M. Hashem Pesaran
University of Southern California
Institutional Affiliation: University of Southern California
Information about this author at RePEc
NBER Working Papers and Publications
|August 2019||Long-Term Macroeconomic Effects of Climate Change: A Cross-Country Analysis|
with Matthew E. Kahn, Kamiar Mohaddes, Ryan N.C. Ng, Mehdi Raissi, Jui-Chung Yang: w26167
We study the long-term impact of climate change on economic activity across countries, using a stochastic growth model where labour productivity is affected by country-specific climate variables—defined as deviations of temperature and precipitation from their historical norms. Using a panel data set of 174 countries over the years 1960 to 2014, we find that per-capita real output growth is adversely affected by persistent changes in the temperature above or below its historical norm, but we do not obtain any statistically significant effects for changes in precipitation. Our counterfactual analysis suggests that a persistent increase in average global temperature by 0.04°C per year, in the absence of mitigation policies, reduces world real GDP per capita by 7.22 percent by 2100. On the ot...
|February 2018||Uncertainty and Economic Activity: A Multi-Country Perspective|
with Ambrogio Cesa-Bianchi, Alessandro Rebucci: w24325
Measures of economic uncertainty are countercyclical, but economic theory does not provide definite guidance on the direction of causation between uncertainty and the business cycle. This paper proposes a new multi-country approach to the analysis of the interaction between uncertainty and economic activity, without a priori restricting the direction of causality. We develop a multi-country version of the Lucas tree model with time-varying volatility and show that in addition to common technology shocks that affect output growth, higher-order moments of technology shocks are also required to explain the cross country variations of the realized volatility of equity returns. Using this theoretical insight, two common factors, a ‘real’ and a ‘financial’ one, are identified in the empirical an...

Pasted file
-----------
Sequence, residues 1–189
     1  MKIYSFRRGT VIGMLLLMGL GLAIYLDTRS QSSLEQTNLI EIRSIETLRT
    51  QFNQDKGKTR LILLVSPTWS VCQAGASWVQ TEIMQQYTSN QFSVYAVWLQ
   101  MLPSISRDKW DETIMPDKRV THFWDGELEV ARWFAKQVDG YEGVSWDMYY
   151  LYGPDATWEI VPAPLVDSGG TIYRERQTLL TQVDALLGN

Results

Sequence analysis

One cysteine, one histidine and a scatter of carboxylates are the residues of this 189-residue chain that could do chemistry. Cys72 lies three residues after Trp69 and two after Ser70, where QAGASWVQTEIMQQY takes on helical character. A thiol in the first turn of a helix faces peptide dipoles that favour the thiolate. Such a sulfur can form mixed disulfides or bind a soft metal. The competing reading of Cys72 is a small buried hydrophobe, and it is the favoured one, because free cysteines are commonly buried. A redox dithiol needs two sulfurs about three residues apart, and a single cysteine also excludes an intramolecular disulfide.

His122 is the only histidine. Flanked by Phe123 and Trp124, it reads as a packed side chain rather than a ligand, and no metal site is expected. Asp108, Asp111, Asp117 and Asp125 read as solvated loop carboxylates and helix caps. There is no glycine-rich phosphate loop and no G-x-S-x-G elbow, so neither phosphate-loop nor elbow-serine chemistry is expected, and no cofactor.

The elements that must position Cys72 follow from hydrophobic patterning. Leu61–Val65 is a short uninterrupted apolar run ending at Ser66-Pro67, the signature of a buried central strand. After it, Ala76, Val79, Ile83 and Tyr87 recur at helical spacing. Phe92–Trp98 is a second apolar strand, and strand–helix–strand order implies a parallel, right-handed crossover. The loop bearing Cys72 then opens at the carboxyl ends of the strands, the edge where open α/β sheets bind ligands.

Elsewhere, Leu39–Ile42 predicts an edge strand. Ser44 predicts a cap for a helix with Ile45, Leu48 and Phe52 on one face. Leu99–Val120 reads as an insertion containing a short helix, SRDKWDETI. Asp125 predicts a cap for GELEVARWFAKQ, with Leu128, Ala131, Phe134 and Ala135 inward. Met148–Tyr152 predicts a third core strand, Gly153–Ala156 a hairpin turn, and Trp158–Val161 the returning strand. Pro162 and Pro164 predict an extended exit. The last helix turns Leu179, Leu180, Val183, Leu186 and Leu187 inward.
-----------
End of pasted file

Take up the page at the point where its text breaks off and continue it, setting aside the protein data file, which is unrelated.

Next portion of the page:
|January 2007||Global Business Cycles and Credit Risk|
with Til Schuermann, Bjorn-Jakob Treutler
in The Risks of Financial Institutions, Mark Carey and René M. Stulz, editors
|July 2005||Global Business Cycles and Credit Risk|
with Til Schuermann, Björn-Jakob Treutler: w11493
The potential for portfolio diversification is driven broadly by two characteristics: the degree to which systematic risk factors are correlated with each other and the degree of dependence individual firms have to the different types of risk factors. Using a global vector autoregressive macroeconomic model accounting for about 80% of world output, we propose a model for exploring credit risk diversification across industry sectors and across different countries or regions. We find that full firm-level parameter heterogeneity along with credit rating information matters a great deal for capturing differences in simulated credit loss distributions. These differences become more pronounced in the presence of systematic risk factor shocks: increased parameter heterogeneity reduces shock se...